The Disruptive Presence of the Holy Spirit

“What does this mean?” This is a good question. There’s an obvious answer, that this outpouring is a sign that the promised Holy Spirit has now come.

Peter rose and answered this question by locating in history what God was doing in these Galileans. Peter quoted the prophet Joel explaining that a time would come when God would pour out God’s spirit on all flesh. Then Peter interprets the language they receive as a fulfillment of Joel’s prophecy. From there Peter explains what happened to Jesus and then links his story to King David’s prophecy about his lord.

Peter concludes by saying,

36“Therefore let all Israel be assured of this: God has made this Jesus, whom you crucified, both Lord and Messiah.” (Acts 2:26)The crowd responds by asking, 37When the people heard this, they were cut to the heart and said to Peter and the other apostles, “Brothers, what shall we do?” (Acts 2:37)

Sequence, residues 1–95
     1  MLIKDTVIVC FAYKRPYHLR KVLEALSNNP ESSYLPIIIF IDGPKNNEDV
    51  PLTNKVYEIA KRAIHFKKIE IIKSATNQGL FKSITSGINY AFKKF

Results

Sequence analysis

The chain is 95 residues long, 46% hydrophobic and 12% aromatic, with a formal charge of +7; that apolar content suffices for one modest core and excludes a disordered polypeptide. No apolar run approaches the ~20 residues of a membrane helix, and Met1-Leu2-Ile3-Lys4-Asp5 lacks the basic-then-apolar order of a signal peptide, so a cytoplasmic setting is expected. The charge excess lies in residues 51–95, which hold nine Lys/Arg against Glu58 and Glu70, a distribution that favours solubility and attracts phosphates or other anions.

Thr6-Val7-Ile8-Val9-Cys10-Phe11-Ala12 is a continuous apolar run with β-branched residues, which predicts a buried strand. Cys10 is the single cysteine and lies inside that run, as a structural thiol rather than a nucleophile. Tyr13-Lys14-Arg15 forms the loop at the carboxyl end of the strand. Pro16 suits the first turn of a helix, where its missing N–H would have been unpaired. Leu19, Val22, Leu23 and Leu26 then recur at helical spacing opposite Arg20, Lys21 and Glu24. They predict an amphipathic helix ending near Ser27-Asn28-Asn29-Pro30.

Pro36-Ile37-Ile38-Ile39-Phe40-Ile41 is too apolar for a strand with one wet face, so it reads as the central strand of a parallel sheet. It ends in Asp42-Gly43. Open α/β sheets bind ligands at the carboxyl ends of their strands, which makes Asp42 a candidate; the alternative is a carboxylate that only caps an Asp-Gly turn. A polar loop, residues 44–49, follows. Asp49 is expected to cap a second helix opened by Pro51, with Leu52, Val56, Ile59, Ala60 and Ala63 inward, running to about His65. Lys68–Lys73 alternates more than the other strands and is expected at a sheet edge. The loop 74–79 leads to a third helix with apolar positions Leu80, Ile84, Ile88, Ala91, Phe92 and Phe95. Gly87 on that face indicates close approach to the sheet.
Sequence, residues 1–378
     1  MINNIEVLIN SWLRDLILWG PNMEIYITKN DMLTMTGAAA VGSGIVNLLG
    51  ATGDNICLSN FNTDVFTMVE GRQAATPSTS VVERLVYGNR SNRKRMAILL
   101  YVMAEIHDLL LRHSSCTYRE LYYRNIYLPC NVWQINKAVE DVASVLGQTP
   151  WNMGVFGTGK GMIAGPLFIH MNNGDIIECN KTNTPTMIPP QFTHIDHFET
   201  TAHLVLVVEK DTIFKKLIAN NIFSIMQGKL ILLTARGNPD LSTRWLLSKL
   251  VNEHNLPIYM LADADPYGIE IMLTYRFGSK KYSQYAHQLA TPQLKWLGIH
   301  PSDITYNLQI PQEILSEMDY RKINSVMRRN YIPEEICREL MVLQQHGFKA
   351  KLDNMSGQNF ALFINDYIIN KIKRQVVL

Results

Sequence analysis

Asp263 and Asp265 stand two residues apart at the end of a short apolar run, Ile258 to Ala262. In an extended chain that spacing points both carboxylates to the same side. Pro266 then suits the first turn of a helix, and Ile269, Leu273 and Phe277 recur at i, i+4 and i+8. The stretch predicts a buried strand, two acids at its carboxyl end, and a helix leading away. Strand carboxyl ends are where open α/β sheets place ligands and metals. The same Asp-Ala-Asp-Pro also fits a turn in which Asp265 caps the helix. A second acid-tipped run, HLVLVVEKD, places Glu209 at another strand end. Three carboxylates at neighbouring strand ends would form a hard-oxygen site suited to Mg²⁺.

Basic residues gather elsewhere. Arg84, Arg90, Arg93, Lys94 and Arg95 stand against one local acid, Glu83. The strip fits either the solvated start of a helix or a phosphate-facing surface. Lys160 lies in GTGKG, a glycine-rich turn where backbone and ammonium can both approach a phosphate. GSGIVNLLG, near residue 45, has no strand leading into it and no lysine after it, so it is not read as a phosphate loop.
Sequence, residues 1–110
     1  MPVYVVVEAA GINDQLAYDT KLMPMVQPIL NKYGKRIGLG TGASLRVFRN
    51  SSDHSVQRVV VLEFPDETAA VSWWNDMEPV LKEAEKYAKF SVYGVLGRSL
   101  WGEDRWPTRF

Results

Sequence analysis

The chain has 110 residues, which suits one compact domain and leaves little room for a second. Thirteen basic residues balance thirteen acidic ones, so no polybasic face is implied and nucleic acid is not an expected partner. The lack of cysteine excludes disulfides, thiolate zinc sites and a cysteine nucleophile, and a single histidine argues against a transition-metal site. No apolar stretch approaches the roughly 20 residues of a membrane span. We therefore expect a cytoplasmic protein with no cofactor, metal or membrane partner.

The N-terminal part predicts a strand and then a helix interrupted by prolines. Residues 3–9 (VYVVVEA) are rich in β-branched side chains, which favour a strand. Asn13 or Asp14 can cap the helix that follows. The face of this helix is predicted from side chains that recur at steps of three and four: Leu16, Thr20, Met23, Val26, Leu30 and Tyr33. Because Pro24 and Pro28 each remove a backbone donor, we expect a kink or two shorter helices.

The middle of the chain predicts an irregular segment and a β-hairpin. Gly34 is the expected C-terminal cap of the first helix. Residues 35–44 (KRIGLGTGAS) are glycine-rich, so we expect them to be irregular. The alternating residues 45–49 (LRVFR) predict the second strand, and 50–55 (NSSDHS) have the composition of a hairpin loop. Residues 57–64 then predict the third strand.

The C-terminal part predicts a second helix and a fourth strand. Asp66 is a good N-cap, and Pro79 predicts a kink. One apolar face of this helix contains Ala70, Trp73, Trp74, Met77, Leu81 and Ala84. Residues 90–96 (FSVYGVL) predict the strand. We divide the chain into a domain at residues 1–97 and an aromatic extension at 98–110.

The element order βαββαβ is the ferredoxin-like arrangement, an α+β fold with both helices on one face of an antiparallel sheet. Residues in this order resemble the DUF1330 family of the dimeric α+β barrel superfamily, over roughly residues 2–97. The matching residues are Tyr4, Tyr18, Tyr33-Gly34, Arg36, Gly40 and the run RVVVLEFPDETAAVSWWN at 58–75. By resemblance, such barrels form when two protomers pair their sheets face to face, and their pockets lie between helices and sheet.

Peter replies with what Jesus offered him, an opportunity to repent.

38“Repent and be baptized, every one of you, in the name of Jesus Christ for the forgiveness of your sins. And you will receive the gift of the Holy Spirit. 39The promise is for you and your children and for all who are far off—for all whom the Lord our God will call.”

“What does this mean for us?”

That when we ask for power to defeat the Empire, God gives us language instead? I think it’s an invitation. It’s an invitation to surrender our fantasies of power over people. By giving us language, God invites us to see people as God does. People who are worthy of forgiveness, mercy, compassion. God says, “You imagine a world where you have power to rule over people, but not so with you.” Instead, “You,” Jesus says, “you must become the servant of all.” By giving us language, God invites us to go into the deep places of pain in our communities, our work places, our schools, our neighborhoods, and ask God, “What does it mean to be a witness to the resurrection here?”